Altogether, “The Spanish Promise” was an evocative, captivating and enchanting read, with romance that is alluring, mesmerising and heart – breaking, taking us on a roller – coaster journey through the lives of Mendoza and Fairfax families. It is full not only of money and power but also showing that behind those gorgeous mansions and designer clothes there is much more to meet the eye, that there are lies, secrets and betrayals that can change fate of many other people. As usual, Karen Swan’s addictive novel had me captivated, taking me into another, fantastic world. Highly recommended!

The Last House Guest by Megan Miranda

The Last House Guest by Megan Miranda

 

43090369._sy475_Publisher: Corvus

Publishing Date: 20th June 2019

Source:  Received from the publisher via Pigeon Hole, thank you!

Number of pages: 352

Genre: Mystery & Thriller

 Buy the Book:  Kindle | PHardcover

| Paperback

 

Synopsis:

Her best friend is dead.
Now everyone thinks she’s a killer.

Littleport, Maine is like two separate towns: a vacation paradise for wealthy holidaymakers and a simple harbour community for the residents who serve them. Friendships between locals and visitors are unheard of – but that’s just what happened with Avery Greer and Sadie Loman.

Each summer for a decade the girls are inseparable – until Sadie is found dead. When the police rule the death a suicide, Avery can’t help but feel there are those in the community, including a local detective and Sadie’s brother Parker, who blame her. Someone knows more than they’re saying, and Avery is intent on clearing her name before she’s branded a killer.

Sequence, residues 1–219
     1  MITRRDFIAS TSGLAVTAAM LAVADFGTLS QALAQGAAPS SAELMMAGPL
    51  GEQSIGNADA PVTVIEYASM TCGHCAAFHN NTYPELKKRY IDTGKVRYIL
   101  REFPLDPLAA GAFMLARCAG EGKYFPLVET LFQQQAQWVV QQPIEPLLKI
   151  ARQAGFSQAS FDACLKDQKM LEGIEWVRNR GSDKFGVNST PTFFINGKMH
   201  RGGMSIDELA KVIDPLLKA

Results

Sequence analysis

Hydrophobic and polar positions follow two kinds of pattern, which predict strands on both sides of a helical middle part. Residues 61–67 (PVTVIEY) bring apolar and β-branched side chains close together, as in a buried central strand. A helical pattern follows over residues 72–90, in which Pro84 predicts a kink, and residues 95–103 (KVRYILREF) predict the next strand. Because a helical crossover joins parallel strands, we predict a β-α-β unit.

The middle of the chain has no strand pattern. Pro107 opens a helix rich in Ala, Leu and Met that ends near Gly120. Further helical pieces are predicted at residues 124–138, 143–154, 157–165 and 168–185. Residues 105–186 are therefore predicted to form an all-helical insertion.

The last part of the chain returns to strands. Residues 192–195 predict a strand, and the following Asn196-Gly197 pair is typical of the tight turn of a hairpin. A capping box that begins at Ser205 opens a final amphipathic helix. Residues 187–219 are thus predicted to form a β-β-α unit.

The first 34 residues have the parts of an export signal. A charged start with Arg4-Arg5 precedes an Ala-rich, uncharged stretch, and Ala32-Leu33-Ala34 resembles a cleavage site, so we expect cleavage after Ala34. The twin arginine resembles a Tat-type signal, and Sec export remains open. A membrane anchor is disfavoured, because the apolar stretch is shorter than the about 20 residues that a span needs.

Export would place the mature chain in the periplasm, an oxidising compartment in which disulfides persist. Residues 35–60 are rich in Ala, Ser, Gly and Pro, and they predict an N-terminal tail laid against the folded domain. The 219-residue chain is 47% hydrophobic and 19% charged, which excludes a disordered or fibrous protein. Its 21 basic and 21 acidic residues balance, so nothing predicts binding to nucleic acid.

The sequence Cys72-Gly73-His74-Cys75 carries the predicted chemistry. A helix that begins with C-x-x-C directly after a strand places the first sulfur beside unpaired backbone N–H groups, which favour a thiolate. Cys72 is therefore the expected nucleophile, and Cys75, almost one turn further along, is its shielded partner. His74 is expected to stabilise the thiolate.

Rating: two-stars

 

Avery’s and Sadie’s friendship seems impossible to be real: Avery comes from one of middle class families living in the resort town of Littleport in Maine, while Sadie is one of “the Lomans'”, who basically own everything in Littleport and are being treated like royals. Their relationship stayed strong until one day, during the Plus – One Party, Sadie has been found dead. The police believe that she has committed suicide, but Avery can’t believe that her carefree, strong – willed and confident best friend could do such a thing. A year later, Avery starts to ask more questions, to dig more into Sadie’s death and she begins to uncover secrets that someone doesn’t want to see the light of the day. Is Avery’s life in danger as well?

I must admit, I’ve heard brilliant things about Megan Miranda, though haven’t been lucky enough to read her previous books, so when the opportunity to read “The Last House Guest” came my way, I didn’t hesitate. I was hoping for a mind – blowing read and I am really, really sad to tell you that this book didn’t work for me. I can’t even blame reading it in staves on Pigeon Hole this time, because I found myself putting the book down somewhere during reading – it simply wasn’t this what I was expecting. The book started well, with something really bad happening and so we were thrown into the heart of the story, and now it was all in the hands of execution. The more pages I turned, the more my interest seemed to leave me.